Flying Jets with Microbes
Brazil has long fueled its cars with ethanol brewed from sugarcane, but now the world's first airplane powered by crop has flown over Rio de Janeiro—thanks to genetically engineered microbes.
These living refineries made by U.S. company Amyris convert sugar into hydrocarbon fuel. Azul Brazilian Airlines used the compound, blended with petroleum-derived jet fuel, to power the General Electric engines on an Embraer E195 airliner that propelled the mostly empty passenger jet on a demonstration flight. The microbes can also be used to churn out everything from diesel fuel to chemicals, such as cosmetic oils.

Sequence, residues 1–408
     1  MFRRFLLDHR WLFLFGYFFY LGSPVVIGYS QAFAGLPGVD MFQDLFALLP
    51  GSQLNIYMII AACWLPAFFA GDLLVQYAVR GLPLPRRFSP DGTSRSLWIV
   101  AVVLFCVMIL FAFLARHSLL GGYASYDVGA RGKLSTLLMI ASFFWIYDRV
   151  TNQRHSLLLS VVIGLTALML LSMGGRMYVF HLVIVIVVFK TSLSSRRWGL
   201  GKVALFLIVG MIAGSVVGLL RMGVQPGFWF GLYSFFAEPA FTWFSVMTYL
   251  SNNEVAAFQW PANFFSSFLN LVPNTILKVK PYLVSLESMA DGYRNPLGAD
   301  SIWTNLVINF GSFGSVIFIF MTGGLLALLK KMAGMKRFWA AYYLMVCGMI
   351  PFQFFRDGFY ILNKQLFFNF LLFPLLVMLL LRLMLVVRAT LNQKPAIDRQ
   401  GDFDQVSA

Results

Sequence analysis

This is not the first bio-jet flight; planes have flown on fuels derived from algal oil to the oil seeds of weedy flower camelina. But it does mark the first flight on jet fuel manufactured by microbes. The demonstration was timed to coincide with this week's Rio+20 global environmental mega-summit. The hope is that bio-jet fuels can one day provide a more environmentally friendly alternative to those made from oil, presuming that the alternative fuel prices can be reduced.